The G1's button and control layout is pretty typical for a camera in its class. Get used to that low-battery icon, though. The G1 has the worst battery life we've seen in years--while I was field testing, it used a third of the power after only 46 shots.
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Photo by: CNET Networks / Caption by:
Though it looks like a dial, this is the G1's zoom switch. It's too tight with little play, and generally uncomfortable to use.
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Photo by: CNET Networks / Caption by:
Occasionally, the G1 delivered a decent snapshot, like this one (though it looks far better scaled down here). However, had the butterflies not been posing that day, the G1's sluggishness would have made this shot impossible.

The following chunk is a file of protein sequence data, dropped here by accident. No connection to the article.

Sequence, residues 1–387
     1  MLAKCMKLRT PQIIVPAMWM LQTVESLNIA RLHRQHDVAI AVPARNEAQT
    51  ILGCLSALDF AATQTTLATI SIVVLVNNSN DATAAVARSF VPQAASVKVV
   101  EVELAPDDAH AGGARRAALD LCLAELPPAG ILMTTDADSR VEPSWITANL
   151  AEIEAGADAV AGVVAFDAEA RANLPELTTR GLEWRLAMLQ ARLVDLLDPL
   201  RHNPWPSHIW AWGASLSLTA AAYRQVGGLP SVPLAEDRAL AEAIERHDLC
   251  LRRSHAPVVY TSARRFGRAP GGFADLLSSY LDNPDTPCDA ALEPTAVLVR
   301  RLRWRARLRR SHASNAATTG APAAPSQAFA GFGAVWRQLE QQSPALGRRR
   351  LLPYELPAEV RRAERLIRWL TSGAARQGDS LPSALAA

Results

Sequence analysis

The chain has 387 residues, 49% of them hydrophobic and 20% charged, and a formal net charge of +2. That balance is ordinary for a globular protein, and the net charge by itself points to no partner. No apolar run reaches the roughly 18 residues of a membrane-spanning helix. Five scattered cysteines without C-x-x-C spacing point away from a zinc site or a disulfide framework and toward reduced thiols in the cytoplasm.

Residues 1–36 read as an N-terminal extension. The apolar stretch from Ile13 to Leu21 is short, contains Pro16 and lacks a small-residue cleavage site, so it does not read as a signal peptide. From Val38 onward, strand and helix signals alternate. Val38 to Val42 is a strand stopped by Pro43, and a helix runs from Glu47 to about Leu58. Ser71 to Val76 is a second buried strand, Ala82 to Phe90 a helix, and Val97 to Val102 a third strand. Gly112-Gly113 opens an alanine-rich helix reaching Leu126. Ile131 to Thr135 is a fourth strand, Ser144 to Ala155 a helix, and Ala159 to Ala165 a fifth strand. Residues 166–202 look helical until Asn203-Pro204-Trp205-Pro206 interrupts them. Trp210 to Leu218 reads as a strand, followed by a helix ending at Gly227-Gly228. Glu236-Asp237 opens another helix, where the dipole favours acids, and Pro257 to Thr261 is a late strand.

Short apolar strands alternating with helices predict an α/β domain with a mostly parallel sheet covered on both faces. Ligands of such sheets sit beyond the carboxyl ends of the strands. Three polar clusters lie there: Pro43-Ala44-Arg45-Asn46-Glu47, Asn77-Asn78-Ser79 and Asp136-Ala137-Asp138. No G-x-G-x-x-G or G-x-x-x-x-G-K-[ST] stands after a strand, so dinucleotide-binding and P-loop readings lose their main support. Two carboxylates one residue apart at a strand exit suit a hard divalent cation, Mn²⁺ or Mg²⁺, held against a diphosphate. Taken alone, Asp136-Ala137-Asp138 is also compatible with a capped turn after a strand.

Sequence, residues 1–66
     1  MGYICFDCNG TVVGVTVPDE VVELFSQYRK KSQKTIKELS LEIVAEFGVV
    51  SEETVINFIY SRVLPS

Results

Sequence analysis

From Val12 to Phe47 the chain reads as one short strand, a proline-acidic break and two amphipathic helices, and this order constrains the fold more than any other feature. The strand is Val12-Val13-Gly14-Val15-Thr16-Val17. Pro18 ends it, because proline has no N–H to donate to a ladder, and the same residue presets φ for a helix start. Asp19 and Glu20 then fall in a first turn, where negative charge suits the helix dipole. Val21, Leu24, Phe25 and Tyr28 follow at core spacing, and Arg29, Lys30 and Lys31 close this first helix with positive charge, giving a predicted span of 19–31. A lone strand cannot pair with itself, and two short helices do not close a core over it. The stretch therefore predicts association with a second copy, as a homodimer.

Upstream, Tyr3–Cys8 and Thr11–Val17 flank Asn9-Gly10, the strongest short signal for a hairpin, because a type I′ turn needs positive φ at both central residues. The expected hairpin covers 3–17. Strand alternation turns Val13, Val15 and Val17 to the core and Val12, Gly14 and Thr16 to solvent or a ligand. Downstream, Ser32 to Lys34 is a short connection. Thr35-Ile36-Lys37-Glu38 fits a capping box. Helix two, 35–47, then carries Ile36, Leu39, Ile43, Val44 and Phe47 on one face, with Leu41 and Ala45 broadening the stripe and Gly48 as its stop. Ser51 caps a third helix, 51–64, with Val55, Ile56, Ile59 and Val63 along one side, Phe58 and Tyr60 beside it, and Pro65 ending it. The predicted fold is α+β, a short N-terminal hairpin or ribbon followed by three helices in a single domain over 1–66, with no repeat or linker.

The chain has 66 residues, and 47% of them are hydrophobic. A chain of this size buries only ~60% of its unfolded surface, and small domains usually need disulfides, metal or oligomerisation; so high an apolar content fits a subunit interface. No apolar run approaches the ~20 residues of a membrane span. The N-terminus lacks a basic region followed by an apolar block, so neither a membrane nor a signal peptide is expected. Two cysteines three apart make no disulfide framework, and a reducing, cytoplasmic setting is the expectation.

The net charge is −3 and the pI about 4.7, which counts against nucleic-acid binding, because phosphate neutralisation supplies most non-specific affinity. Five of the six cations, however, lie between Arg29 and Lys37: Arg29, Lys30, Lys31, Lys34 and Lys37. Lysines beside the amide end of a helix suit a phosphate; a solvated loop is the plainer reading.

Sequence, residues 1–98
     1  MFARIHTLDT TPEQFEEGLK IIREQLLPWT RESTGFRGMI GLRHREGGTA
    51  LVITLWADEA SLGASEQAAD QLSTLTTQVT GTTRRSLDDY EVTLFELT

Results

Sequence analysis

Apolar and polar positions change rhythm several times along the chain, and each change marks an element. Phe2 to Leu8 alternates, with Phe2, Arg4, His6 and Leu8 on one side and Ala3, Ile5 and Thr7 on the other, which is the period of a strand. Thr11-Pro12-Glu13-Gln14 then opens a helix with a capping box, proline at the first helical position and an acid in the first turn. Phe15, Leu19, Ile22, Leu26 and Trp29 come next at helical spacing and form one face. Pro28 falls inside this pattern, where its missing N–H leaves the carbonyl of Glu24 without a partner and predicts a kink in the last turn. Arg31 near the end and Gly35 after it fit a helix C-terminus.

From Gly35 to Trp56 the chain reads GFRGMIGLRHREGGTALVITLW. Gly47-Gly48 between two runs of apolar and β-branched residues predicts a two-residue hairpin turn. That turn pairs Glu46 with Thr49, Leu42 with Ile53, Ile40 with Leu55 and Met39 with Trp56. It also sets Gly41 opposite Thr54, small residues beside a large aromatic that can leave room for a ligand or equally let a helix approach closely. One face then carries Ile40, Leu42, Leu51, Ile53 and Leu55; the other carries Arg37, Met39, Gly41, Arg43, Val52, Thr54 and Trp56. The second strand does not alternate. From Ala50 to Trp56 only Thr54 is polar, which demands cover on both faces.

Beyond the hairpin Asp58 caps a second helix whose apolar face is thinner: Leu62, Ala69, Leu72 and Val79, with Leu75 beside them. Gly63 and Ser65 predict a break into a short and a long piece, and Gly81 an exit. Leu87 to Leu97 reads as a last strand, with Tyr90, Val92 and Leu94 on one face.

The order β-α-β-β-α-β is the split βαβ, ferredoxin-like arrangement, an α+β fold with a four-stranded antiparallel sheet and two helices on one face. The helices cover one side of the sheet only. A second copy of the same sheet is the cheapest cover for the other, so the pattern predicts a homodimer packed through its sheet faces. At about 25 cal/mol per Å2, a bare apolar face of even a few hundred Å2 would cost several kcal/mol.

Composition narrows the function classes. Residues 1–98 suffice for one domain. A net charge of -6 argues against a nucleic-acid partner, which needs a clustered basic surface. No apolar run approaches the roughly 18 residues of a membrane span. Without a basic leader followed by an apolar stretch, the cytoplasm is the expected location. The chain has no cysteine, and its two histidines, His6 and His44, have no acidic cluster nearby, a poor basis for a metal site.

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Photo by: CNET Networks / Caption by:
This shot typifies the G1's photo quality: it looks fine scaled down, but closer examination reveals soft edges and smeared details.
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Photo by: CNET Networks / Caption by:
The G1 exhibits little noise degradation between ISO 80 and ISO 100 because ISO 80 is so bad. With a decent 7-megapixel camera, you should be able to clearly read at least some of the units on the tape measure as well as the text in the book. Because of the aggressive blurring, the G1 measures well for noise, but you can see the tradeoff.
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Photo by: CNET Networks / Caption by:
The G1's outdoor shots generally display severely blown-out highlights, like the inset with glow-in-the-dark mom, and a sky full o' purple fringing on high-contrast edges. It's a shame, because the rest of the scene looks properly exposed.
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Photo by: CNET Networks / Caption by:
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